by Beverly De Soto Stevens Father James Fryar of the Priestly Fraternity of St Peter (FSSP) has been invited by the Archdiocese of Los Angeles to found a parish there. Regina Magazine caught up with Fr. Fryar and his intrepid band of parishioners-without-a-parish recently. Here’s what they told us: Father James Fryar: The places where … Read more
Christmas in a SoCal Barrio It is a sweet parish, in the whitewashed Spanish California mission style, with a well-loved rose garden fronting the rectory. As you step outside, you’re likely to see a young Hispanic woman pushing a baby carriage; she makes the Sign of the Cross as she traverses the church’s threshold. Holy … Read more
By Michael Durnan Updated December 2020 The heart-breaking truth is that Saint Walburge’s was a church no longer able to sustain parish life; it was threatened with closure when Bishop Michael Campbell made a creative and forward-looking decision. Saint Walburge’s would become a “shrine”– giving a new lease on life to a church where generations … Read more
About 150 young people squeezed into the interfaith chapel at Massachusetts Institute of Technology on February 9, some standing in the aisles and in the vestibules, for the Tech Catholic Community’s first-ever Traditional Latin Mass.
“This chapel does not exactly fit the profile of a traditional Catholic place of worship, to put it mildly,” said Jim Mc Glone, Harvard ’15, of JuvBos, which organized the TLM. “Nevertheless, with some advance scouting we judged that the chapel could accommodate a Solemn High Mass, and photographic evidence now shows that this space can indeed be transformed into a beautiful and fitting place for the Mass of the ages. In the end, 150 came to that Mass, mostly students who had never seen a TLM before.”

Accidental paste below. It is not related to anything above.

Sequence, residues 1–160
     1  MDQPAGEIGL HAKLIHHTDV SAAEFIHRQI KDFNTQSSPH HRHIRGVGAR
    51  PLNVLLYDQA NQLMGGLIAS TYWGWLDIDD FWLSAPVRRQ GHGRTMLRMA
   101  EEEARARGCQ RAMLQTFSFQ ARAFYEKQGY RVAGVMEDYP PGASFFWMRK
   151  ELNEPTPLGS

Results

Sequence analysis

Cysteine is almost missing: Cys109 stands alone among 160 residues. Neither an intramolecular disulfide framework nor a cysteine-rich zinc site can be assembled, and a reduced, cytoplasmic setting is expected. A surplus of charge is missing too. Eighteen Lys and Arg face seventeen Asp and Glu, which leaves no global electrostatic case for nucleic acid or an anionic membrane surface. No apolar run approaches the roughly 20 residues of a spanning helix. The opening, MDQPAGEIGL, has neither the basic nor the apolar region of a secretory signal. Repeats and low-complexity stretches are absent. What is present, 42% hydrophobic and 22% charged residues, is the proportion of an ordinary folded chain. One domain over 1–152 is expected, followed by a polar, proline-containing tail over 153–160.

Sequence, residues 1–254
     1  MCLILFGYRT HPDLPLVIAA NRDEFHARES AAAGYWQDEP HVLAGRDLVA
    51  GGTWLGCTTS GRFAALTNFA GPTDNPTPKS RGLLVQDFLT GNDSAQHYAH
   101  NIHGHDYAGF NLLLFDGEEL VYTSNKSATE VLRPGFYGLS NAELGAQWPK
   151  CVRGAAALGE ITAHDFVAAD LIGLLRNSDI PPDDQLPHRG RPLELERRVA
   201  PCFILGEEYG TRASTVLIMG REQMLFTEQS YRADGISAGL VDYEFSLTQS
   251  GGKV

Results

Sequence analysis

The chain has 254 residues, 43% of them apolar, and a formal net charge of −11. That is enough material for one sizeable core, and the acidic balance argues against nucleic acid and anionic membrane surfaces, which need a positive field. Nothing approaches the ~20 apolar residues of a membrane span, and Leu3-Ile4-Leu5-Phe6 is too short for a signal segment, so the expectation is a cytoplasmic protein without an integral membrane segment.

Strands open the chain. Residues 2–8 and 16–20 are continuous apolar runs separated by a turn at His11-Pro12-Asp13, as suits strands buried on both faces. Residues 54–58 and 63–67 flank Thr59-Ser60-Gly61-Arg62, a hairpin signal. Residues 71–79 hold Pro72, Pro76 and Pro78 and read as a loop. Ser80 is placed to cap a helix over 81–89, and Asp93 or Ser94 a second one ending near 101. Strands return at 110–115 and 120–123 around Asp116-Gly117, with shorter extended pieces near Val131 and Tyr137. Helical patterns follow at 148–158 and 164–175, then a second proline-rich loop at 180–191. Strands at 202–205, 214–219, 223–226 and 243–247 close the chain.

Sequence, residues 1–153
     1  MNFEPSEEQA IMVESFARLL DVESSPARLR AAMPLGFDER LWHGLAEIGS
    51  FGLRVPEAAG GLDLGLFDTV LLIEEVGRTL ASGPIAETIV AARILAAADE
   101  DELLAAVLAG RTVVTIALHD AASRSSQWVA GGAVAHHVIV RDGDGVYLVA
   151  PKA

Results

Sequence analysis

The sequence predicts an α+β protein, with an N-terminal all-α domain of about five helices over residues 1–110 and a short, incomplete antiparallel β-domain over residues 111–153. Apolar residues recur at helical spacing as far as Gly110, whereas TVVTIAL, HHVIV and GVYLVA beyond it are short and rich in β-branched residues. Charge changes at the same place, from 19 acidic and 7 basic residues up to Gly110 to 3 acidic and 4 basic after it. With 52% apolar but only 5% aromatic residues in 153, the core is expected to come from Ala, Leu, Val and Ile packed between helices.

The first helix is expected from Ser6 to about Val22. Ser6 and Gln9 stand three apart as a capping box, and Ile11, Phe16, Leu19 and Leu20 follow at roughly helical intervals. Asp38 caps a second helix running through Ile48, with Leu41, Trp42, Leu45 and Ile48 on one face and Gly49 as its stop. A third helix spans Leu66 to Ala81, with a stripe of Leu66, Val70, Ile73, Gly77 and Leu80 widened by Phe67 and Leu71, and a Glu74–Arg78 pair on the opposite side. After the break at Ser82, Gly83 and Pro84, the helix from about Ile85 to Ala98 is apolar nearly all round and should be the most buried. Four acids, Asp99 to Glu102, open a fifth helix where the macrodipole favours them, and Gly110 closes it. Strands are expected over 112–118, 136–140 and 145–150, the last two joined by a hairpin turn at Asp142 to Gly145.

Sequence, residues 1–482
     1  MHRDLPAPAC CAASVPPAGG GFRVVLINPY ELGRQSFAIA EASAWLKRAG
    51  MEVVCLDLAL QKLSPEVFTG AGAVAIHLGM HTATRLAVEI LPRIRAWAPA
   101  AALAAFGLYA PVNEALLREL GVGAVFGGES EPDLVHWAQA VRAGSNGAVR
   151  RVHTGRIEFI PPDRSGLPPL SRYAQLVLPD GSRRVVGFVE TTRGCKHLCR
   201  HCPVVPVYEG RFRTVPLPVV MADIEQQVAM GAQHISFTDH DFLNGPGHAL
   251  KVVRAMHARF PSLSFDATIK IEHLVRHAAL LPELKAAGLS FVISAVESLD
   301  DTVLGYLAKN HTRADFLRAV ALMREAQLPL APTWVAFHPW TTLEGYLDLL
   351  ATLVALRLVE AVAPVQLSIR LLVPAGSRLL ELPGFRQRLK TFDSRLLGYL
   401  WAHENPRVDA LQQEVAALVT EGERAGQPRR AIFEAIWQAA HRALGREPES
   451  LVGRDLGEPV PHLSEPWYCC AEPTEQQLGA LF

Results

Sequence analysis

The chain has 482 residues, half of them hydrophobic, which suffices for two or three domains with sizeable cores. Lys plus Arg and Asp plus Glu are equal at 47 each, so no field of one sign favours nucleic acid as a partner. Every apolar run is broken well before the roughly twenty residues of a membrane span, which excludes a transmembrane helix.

“As you can see from the pictures, the sanctuary is reminiscent of the Transporter on the Starship Enterprise,” blogged Gwyneth Holston, a Catholic artist who attended the Mass. “The very ugliness of the building made me ache with sadness for the poor engineering students who spend their days in grey classrooms and dismal labs. It is a milieu that considers aesthetics nice but superfluous and certainly inferior to ‘useful’ research and design.
“The sanctuary is reminiscent of the Transporter on the Starship Enterprise.”
“The positive result of having mass in such a depressing space is that every detail of the Mass exuded a soothing beauty. Candles, vestments, and incense are used because of the power of their symbolic value, not because they are the most efficient materials for lighting, clothing, and perfuming.”
The chapel was designed in the 1950’s by world-famous Finnish architect Eero Saarinen, one of the most successful practitioners of mid-20th Century Modernism. Fr. John Cassani celebrated this beautiful Solemn High Mass, and Fr. Kwang Lee delivered the homily. The Schola Amicorum led the music.
“150 came to that Mass, mostly students who had never seen a TLM before.”
The Mass was made possible by Fr. Richard Clancy, MIT’s chaplain. Those interested in following JuvBos Masses and events can like them on Facebook or email firstname.lastname@example.org to get monthly email updates. More about Gwyneth here.
“Those therefore who after the manner of wicked heretics dare to set aside Ecclesiastical Traditions, and to invent any kind of novelty, or to reject any of those things entrusted to the Church, or who wrongfully and outrageously devise the destruction of any of those Traditions enshrined in the Catholic Church, are to be punished thus: if they are bishops, we order them to be deposed; but if they are monks or lay persons, we command them to be excluded from the community.”
——— Second Council of Nicaea 787 A.D.
by Harry Stevens
It was huge news in 1965: the Catholic Mass would finally be ‘modernized.’ By 1970 the Pope Paul VI Missal was in place, setting off a chain-reaction of liturgical innovation which shook the Catholic world to its core.
Today, almost 50 years later, many Catholics are beginning to ask why and indeed whether such drastic liturgical changes were ordered by the Council. These are serious questions. Now that the actual Council documents are available online for all to peruse, it is painfully clear that many of these liturgical changes — now in practice around the world – were never actually specified by the Council.
One thing is clear: those that were, were spearheaded by a group of liturgists and theologians from the Rhine Valley.
Catholic Mass Unchanged Since 600 AD